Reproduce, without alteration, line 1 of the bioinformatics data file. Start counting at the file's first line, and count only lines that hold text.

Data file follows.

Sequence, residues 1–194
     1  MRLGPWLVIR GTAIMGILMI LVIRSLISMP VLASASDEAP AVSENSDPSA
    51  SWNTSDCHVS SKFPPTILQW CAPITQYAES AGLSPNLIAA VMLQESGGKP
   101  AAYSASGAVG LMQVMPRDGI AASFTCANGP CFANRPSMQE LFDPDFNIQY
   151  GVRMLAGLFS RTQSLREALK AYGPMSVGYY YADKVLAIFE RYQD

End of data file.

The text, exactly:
Sequence, residues 1–194